How to Make Cold Strawberry Rose Soup

In previous posts, I have shared my cold strawberry soup and my rose petal jelly recipes. Today, after a fruitful trip to the farmers market, and noticing the abundant blooms on my rosebush, I was inspired to create a new recipe that combines the best of both of these springtime delicacies. The result was amazing. It is lighter and brighter tasting. Plus the roses add a certain je ne sais quoi.

If this sounds appealing to you, here is how you can make your own cold strawberry rose soup.  You will need the following:

  • 2 quarts of fresh strawberries
  • 1 cup of rose petals
  • 1 teaspoon of rosewater
  • 1 teaspoon of vanilla extract
  • 1 cup of yogurt
  • 1/4 cup of maple syrup

Rinse the rose petals, then place them in a blender. Only use roses that you are absolutely sure have never been treated with pesticides. It’s best to use ones that you have picked from your own garden (or that of your trusted friends and family).

Wash, hull and halve the strawberries (you will probably use closer to 1 1/2 quarts, but it’s nice to have extras for garnish and for eating while you prepare the soup), then place as many as you can in the blender with the rose petals.

Add 1 teaspoon each of rose water and vanilla extract (I made my own by soaking 2 vanilla beans in a small bottle of brandy for 6 weeks) to the strawberries and roses. Puree until smooth.

Add the yogurt and maple syrup, and blend until well-mixed. (I’ve been using yogurt from Blue Ridge Dairy. All of their products are amazing, their cows are very happy, and their representative at my farmers market looks like Francis from Malcolm in the Middle :-).

You can add more strawberries at this point since you will have more room in the blender.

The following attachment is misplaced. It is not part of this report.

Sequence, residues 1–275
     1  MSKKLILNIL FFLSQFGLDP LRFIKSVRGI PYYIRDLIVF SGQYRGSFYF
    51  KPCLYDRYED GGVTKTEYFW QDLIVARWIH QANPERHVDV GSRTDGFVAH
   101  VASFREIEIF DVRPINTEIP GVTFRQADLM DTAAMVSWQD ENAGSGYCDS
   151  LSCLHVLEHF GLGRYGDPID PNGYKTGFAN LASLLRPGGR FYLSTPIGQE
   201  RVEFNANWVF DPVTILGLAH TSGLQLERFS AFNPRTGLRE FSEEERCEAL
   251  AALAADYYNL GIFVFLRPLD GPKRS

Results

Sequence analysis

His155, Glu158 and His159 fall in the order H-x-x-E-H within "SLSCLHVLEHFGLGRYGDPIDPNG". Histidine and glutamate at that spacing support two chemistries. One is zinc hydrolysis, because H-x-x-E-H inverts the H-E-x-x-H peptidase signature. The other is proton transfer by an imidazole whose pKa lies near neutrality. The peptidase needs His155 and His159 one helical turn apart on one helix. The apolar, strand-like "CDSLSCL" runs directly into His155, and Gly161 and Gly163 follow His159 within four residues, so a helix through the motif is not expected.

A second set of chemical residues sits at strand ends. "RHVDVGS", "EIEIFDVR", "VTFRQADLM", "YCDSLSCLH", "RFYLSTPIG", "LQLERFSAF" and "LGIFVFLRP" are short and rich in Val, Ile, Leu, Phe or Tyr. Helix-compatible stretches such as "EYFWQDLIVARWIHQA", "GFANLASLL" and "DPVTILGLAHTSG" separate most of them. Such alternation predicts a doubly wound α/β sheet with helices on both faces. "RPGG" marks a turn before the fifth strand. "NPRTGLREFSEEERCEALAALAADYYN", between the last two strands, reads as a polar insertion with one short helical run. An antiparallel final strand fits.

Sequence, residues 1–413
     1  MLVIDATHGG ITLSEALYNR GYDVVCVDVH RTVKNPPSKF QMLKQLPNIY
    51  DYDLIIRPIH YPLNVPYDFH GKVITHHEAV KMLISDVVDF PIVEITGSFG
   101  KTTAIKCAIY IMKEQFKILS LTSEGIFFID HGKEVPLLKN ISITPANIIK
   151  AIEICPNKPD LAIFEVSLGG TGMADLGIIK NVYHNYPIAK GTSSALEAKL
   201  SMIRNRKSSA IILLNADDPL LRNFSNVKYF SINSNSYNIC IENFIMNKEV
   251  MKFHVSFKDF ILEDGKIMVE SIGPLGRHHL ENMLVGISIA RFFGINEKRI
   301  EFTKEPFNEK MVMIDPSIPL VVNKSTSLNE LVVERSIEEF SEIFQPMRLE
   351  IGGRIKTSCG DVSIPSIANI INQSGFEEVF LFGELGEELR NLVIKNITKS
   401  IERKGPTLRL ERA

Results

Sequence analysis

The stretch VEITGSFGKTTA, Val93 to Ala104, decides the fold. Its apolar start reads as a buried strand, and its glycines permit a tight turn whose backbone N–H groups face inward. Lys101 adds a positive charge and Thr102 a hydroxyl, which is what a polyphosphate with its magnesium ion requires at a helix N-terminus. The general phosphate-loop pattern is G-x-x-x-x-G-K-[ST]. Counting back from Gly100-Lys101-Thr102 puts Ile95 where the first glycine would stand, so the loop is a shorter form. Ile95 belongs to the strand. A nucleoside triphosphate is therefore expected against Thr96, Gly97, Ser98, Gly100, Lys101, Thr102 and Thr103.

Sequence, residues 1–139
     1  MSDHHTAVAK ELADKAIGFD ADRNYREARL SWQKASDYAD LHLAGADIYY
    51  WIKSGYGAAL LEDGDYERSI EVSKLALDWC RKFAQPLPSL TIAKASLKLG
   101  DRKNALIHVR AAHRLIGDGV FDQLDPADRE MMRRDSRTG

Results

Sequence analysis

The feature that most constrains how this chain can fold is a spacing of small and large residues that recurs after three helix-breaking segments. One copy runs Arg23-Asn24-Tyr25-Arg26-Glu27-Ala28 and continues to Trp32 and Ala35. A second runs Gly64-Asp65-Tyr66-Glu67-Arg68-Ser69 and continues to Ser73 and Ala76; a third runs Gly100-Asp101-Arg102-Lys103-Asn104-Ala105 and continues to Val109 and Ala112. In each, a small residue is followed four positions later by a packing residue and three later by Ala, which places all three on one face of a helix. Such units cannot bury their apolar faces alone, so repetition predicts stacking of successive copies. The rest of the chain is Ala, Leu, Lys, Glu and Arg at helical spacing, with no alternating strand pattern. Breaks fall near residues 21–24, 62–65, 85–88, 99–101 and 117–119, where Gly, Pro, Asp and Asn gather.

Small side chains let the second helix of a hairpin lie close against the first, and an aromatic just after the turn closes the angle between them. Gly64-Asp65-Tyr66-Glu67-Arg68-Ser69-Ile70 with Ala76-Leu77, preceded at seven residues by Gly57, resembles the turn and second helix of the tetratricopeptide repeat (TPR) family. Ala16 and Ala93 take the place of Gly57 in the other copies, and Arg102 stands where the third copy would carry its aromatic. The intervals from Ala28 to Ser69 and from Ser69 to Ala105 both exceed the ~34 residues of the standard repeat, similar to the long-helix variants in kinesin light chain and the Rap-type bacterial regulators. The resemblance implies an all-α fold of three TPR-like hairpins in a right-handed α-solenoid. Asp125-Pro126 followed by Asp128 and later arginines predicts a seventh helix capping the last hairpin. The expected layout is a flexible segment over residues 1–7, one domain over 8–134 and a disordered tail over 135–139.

Chill, then serve garnished with a dollop of yogurt. Enjoy!

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5 thoughts on “How to Make Cold Strawberry Rose Soup

  1. I never knew you can eat rose petals!
    What do they taste like?
    And how much brandy do you use for 2 vanilla beans? I always wanted to make my own but never tried it. It would be much cheaper, I would think. And if I want to make organic vanilla extract, I would have to use organic brandy, right? Is there a such a thing? Sorry for so many questions.

    But I’d love to try this soup but probably without my rose petals. God knows what they spray in my garden by the landscapers.

    • Yes! They are yummy, with a delicate floral taste and smooth texture. I’m sure it varies quite a bit by the variety, but I have antique tea roses as well as wild roses. The wild ones are more fragrant.

      As for the extract, I’m guessing you can find organic brandy. I use organic vodka for my tinctures. I used 4 ounces of brandy for two beans and from what I understand, you can keep refilling the bottle over and over continuing to extract flavor from the beans for quite a long time. Definitely cost effective over the long run.

      I am sure that the soup will be good even without the roses. Enjoy!

  2. Pingback: How to Make Rose Petal Lemonade | herban lifestyle

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